Wayne Swinney

Memphis outfit Saliva dropped its self-titled, self-released debut in 1997, but it took mainstream rock radio a few years to catch up to their brand of rap-infused hard rock. The band — comprised of vocalist Josey Scott, guitarists Wayne Swinny and Chris Dabaldo, bassist Dave Novotny, and drummer Paul Crosby — struck gold, or rather platinum, with their 2001 sophomore effort "Every Six Seconds." That release spawned the hit singles "Your Disease" and "Click Click Boom," earned the band a Grammy nomination, and thrust them into the national spotlight. Their profile was further raised with Scott's collaboration with Nickelback singer Chad Kroeger on the single "Hero" from 2002's "Spider-Man" soundtrack, and a steady stream of hit albums followed.

The band went through a couple of lineup shuffles in its later years, with founding members Dabaldo and Scott leaving the band for other projects in 2005 and 2011, respectively. Their revised lineup continued to record and tour, however — and it was only three dates into their latest outing, in support of three new singles released in 2022, that tragedy struck. On March 22, the band reported via its Facebook that Swinny had died from a spontaneous brain hemorrhage; he was only 59. In a subsequent post, the band announced its intention to release the album they had just completed, "so everyone can hear the new songs that Wayne put his heart and soul into," and to continue with their tour.

Tom Leadon

The late Tom Petty and his band, the Heartbreakers, are rock and roll icons — but casual fans may not know that the outfit wasn't Petty's first band. In 1970, Petty, guitarist Tom Leadon (brother of the Eagles' Bernie Leadon), and drummer Randall Marsh — along with future Heartbreakers Mike Campbell on guitar and Benmont Tench on keyboards — formed Mudcrutch, a countrified rock band that labored on the bar scene in their native Florida for several years. After ditching the Everglades for Los Angeles in 1974, the band signed a contract with Shelter Records — and promptly broke up, leaving Petty free to go on to staggering success.

Astonishingly, decades later in 2007, the entire band reunited to record a self-titled album, following that up with a sophomore effort — succinctly titled "2" — in 2016. It was an interesting and rare second chance for a band that might have enjoyed superstardom if they had soldiered on throughout the '70s, but Petty's unexpected passing in 2017 cut their resurgence short. Unfortunately, on March 22, Leadon — who had remained friends with his Mudcrutch mates throughout their stellar careers as Heartbreakers — died at the age of 70 at his home in Gainesville. In the wake of his passing, Campbell took to Twitter to eloquently eulogize his "guitar soul brother," writing, "We spent countless hours playing acoustic guitars and teaching each other things. A kinder soul never walked the earth. ... Sleep peacefully my old friend."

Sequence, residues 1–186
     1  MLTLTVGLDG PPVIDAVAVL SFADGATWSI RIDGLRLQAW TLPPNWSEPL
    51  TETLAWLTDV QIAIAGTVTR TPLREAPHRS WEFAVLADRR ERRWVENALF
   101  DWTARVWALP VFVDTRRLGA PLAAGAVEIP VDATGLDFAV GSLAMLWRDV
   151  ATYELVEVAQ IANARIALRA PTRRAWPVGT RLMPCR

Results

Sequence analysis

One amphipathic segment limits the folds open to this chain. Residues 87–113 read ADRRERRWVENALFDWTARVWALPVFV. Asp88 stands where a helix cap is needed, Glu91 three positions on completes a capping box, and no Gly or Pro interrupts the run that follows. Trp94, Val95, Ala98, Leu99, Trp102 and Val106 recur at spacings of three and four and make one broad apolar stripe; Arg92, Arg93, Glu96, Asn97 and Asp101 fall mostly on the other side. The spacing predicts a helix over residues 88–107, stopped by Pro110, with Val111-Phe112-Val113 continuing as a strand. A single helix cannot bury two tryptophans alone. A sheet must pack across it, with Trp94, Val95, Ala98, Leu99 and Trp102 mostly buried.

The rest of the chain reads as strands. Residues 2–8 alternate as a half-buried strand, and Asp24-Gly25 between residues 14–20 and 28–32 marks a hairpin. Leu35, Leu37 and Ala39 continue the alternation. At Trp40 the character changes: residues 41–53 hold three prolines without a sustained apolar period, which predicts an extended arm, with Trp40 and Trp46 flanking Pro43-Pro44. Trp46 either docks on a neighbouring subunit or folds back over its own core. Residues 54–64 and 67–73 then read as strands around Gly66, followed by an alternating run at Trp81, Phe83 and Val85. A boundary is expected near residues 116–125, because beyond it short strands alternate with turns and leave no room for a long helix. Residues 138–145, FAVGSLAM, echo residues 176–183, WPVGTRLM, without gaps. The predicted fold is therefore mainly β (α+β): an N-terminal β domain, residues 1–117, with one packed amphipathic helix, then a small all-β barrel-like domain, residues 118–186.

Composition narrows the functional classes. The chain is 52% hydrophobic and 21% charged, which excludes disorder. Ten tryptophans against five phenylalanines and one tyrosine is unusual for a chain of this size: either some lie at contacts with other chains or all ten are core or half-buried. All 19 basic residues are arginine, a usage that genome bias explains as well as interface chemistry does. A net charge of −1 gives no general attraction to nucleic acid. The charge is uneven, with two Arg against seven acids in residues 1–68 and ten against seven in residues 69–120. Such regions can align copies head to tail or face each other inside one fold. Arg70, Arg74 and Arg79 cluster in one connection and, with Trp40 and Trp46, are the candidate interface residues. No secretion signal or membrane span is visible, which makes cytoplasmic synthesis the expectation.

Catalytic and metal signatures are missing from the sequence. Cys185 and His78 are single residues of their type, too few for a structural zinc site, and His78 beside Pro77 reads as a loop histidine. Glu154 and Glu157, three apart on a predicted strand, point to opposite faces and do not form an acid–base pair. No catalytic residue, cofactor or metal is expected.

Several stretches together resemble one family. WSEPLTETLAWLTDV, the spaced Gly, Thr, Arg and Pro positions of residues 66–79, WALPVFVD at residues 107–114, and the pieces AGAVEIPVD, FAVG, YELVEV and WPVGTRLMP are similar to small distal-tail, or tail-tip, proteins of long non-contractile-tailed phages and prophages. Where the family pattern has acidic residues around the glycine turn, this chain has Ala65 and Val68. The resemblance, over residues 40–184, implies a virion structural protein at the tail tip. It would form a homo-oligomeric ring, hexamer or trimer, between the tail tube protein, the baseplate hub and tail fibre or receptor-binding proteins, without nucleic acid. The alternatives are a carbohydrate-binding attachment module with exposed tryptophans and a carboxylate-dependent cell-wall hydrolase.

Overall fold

John Regan

You may not know the name John Regan, but if you've ever classic rocked, you've definitely heard him play bass. The ace session and touring musician has rocked out with some absolute legends: the Rolling Stones, Billy Idol, David Bowie, and Peter Frampton have all enlisted his services, and he's played on recordings including Bowie and Mick Jagger's "Dancing in the Street" and three solo albums by KISS guitarist Ace Frehley. In 2016, he played on the debut effort from his own band, Four By Fate — but unfortunately, that proved to be the band's only release.

On April 7, Regan's friend Don Presutti posted a message to Facebook shared with him by the bassist's wife Cathy Merran-Regan, disclosing that her husband had passed away that afternoon; he was 71 years old. In his memory, she posted one of his favorite quotes: "All that you can take with you is that which you've given away." On Twitter, Frampton remembered his friend in a moving series of posts. "There might only be a handful, if that, of people who come into your world and truly enrich your life," he wrote. "I have lost one of my closest buddies. He certainly enriched my life because of the person and the great player he was. John Regan was the best of us."

Ian Bairnson

Scottish guitarist and multi-instrumentalist Ian Bairnson would have an enviable music pedigree if he had quit after his first band. Pilot, the '70s rock act that scored hits with tunes such as 1974's "Magic" and 1975's "January." That band released four albums during the decade and reunited for a 2002 release — but it was Bairnson's side gigs that really showed off his blazing talent. He played guitar on Kate Bush's debut album "The Kick Inside" and its iconic first single, "Wuthering Heights," and was a rock-steady member of the Alan Parsons Project, the progressive rock outfit masterminded by the ace producer and engineer Parsons.

Bairnson had suffered from dementia in recent years, and on April 8, his wife Leila posted to Instagram to inform fans that he had passed away the day before. "Ian was the sweetest, kindest, loving husband I could ever have wished for and I take comfort that he is resting now up there in his very own piece of 'Blue Blue Sky,'" she wrote, referencing the tune from Parsons' 1996 solo effort "On Air," on which Bairnson played. 

Parsons also posted a lengthy tribute on Facebook, calling Bairnson a "genius" and a "true master of the guitar" who knew every chord in existence despite never learning how to read musical notation. Parsons also credited Bairnson with convincing him to record the 1982 single "Eye in the Sky," which turned out to be the Alan Parsons Project's only Top 10 hit.

Harry Belafonte